Senator Inouye has served as an inspiration to many of us in the uniformed services' health and medical programs. His steadfast and decades long support for innovation in health care services has been remarkable.
San Diego, CA (PRWEB) May 24, 2010
A Senator Daniel K. Inouye has been named by the United States Public Health Service Commissioned Officers Association as the 2010 Health Leader of the Year. This is a distinction that is conferred upon outstanding individuals who have provided significant leadership to the advancement of the health of the American people and that of the larger global community.
In announcing the award, which was formally conferred on May 24th at the Public Health Service annual Public Health Service Scientific and Training Symposium, Commissioned Officers Association Executive Director, retired Navy Captain Gerard Farrell noted that "Senator Inouye's personal commitment to the enhancement of the health of all Americans has served as an inspiration for generations of Americans who have benefited from his leadership."
Association Awards Chairman, retired Public Health Service Captain William Haffner, Professor at the Uniformed Services University of The Health Sciences, commented that "Senator Inouye has served as an inspiration to many of us in the uniformed services' health and medical programs. His steadfast and decades long support for innovation in health care services has been remarkable."
Previous winners of the title of Health Care Leader of the Year have included Dr. C. Everett Koop, a former Surgeon General of the U.S. Public Health Service, and Dr James A. Zimble, a former Navy Surgeon General and long time President of the Uniformed Services University of the Health Sciences.
Senator Inouye, the second most senior member of the U.S. Senate, has throughout his remarkable career made his mark on America, serving as a respected legislator able to work in a bipartisan fashion to enact critical legislation including that related to the health care system of America and the heath care outreach of the United States Uniformed Services including the U. S. Public Health Service.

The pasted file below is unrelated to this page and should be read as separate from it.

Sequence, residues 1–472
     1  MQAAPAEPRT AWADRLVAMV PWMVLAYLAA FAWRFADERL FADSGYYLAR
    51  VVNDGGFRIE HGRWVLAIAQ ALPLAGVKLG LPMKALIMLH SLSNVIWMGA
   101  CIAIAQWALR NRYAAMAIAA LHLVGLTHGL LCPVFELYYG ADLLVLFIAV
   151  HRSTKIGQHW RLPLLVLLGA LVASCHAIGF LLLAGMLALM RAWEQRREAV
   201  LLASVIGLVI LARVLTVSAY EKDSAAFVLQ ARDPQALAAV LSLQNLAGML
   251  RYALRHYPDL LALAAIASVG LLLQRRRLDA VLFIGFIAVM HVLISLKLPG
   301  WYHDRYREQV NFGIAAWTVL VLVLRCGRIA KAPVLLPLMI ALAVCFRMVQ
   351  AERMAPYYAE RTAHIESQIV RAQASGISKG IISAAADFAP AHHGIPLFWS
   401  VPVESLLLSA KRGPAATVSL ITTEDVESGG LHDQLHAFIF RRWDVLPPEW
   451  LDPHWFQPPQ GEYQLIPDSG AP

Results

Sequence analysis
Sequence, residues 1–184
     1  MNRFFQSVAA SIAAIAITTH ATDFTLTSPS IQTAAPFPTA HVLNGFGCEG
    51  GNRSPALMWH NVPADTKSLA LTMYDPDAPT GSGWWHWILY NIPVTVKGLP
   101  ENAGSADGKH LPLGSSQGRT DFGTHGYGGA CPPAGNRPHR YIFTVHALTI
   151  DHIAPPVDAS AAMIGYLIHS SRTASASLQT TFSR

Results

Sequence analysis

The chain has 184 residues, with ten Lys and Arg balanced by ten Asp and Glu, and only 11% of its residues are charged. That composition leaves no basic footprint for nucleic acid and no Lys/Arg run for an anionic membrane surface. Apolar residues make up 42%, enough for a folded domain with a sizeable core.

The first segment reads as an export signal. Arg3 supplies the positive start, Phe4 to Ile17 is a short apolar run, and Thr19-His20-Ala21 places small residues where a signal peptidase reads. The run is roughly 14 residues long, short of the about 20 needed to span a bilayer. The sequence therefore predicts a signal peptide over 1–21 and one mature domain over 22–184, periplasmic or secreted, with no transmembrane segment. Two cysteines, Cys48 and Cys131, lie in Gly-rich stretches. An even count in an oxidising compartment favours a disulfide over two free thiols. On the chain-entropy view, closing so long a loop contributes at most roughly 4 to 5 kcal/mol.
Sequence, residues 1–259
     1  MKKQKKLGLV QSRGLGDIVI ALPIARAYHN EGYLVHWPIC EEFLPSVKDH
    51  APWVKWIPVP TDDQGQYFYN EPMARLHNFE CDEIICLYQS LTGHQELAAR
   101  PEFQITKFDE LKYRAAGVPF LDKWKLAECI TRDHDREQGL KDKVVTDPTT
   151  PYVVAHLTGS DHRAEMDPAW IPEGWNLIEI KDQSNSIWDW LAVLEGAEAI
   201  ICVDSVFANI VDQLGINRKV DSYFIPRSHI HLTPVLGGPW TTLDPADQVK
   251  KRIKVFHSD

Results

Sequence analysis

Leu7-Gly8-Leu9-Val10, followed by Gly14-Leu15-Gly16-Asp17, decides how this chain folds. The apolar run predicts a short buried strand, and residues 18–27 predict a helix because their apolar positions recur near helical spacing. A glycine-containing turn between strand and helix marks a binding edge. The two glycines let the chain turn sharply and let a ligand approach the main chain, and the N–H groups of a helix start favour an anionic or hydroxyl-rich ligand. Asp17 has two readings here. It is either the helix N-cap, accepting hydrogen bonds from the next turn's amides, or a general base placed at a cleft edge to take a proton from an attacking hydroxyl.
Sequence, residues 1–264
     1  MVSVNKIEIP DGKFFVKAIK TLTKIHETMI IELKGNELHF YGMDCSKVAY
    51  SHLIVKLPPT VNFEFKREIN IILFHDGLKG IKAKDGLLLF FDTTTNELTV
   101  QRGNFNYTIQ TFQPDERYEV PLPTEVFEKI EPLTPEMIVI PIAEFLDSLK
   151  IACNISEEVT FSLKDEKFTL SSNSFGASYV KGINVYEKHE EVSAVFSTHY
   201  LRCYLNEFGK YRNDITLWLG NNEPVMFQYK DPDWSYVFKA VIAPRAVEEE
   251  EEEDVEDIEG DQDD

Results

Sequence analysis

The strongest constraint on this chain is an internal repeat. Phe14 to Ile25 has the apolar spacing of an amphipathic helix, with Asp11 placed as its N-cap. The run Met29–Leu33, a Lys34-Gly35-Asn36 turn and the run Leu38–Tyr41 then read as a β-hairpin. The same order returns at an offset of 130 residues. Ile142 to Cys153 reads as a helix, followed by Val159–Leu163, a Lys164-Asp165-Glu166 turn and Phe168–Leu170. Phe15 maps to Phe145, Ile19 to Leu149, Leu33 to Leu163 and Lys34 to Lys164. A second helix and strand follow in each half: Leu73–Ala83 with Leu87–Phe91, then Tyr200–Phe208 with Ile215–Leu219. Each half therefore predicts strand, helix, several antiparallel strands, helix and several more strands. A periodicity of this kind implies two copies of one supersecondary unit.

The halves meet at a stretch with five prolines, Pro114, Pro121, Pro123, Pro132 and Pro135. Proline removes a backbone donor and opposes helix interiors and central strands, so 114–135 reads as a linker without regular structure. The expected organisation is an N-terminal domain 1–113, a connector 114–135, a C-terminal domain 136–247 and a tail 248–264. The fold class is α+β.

In January 1943, at the age of 18, he volunteered to serve in the United States Army. He was assigned to the legendary 442nd Regimental Combat Team, an all-Japanese-American U.S. Army unit, and as a result of extraordinary service was awarded the Medal of Honor, the nation's highest award for military valor.
Having witnessed the horrors of war first hand, Daniel Inouye has committed himself to doing everything within his power to prevent war and to enhance the health of the people of this nation and the world community. Throughout his legislative career, he has championed the health and medical programs of the uniformed services including the health care provided for Americans who serve in uniform as well as their dependents.
Native Hawaiians, American Indians, Alaska Natives, those suffering from Hanson's disease, children, those in need of mental health service and many families living in poorly served rural and isolated areas owe their enhanced health status directly to his foresight and dedication.
His promotion of equitable health care services for people in the "United States linked Pacific Island communities" permitted these disenfranchised groups of islanders to acquire basic health care services. His actions in that initiative helped lead to the creation of the federal legislation supporting the National Health Services Corps and the Community Health Centers Act.
His record of support for the health and medical programs for those who serve in the uniformed services - and their dependents - including the officers of the U.S. Public Health Service, has been a priority of his since he himself served with distinction in World War II.
Senator Inouye's continuing impact on enhancing the roles of many in the health professions including nurses and psychologists is less known but never the less critical in the increased success in serving the broad health needs of the nation.
So also has his leadership in the provision of adequate support for the research effort of our major health institutions including the military made the United States central to a continuing flow of new knowledge in the health field. The recent success in HIV/AIDS vaccine testing by the Walter Reed Army Institute of Research in Thailand has benefited from the Senator's unflagging support for military research.
One of the Senator's most recent accomplishments has been his leadership for the Health Information Technology program. This effort is based on the Senator's commitment to the notion that proper health care can only be administered if health professionals have all of the up to date client information available immediately. This program seeks to improve health care quality, prevent medial errors, reduce unnecessary health care costs, decrease paperwork, expand access to affordable care and improve population health
Lesser known, but vital to the field of "Health Diplomacy," has been the Senator's impact on the health collaboration between the United States and the other nations of the world community. His overarching guidance for that process over his 50 plus years in the Congress of the United States has been central to the collaborative humanitarian and health related outreach effort of this nation - and effort which continues in Haiti today.
Thus, the Commissioned Officers Association of the United States Public Health Service is most pleased and proud to confer upon Senator Daniel K. Inouye the distinct recognition as the 2010 Health Leader of the Year.
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